The new “RoboCop” film is a sterling example of how runaway corporatism flattens and sanitizes satirical art, Ben Walters writes at The Guardian.
Comparing the new adaptation with the first film, Walters laments:
It wasn’t just the satire that made Verhoeven’s movies such gems. They were witty and mischievous, with strong, clear storytelling, quirky production design and a vivid sense of the grotesque. They had giant, quivering grubs, nuclear-war-themed family board-games and Arnie dressed as a middle-aged woman in a fierce raincoat.
So far, their remakes offer little like that. Their scripts are po-faced and messy; they look like every other shimmery, machine-tooled SF action picture out there; and instead of engaging playfully yet seriously with the structural forces determining contemporary life, they offer straight-up sentimental heroism.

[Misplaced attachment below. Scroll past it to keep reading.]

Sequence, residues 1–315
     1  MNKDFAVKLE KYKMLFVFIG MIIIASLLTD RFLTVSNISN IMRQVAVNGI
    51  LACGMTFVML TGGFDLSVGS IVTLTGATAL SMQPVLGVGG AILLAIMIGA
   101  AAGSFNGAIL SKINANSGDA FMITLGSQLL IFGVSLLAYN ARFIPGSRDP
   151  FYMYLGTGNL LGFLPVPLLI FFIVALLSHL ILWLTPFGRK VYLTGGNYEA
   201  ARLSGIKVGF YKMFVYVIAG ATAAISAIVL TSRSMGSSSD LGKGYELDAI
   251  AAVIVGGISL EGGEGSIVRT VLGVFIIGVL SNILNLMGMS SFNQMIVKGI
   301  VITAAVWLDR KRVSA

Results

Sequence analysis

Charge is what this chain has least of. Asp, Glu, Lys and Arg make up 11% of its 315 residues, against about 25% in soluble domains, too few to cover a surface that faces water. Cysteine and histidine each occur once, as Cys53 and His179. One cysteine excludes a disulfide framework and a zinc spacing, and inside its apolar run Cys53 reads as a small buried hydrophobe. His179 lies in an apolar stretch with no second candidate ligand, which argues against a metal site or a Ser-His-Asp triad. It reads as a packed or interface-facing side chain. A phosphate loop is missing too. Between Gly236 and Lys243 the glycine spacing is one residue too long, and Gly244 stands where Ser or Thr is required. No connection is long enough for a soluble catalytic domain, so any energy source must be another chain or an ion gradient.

In other words, they’re in keeping with a studio blockbuster culture that celebrates turbo-charged techno-militarism and cashes in on audiences’ familiarity with established entertainment brands. Transformers and Avengers, I’m looking at you. By contrast, Verhoeven was an original and a provocateur. He wanted to make audiences squirm – to alienate them from the spectacle of fetishised violence even as he slathered it on. Good luck getting that greenlit today.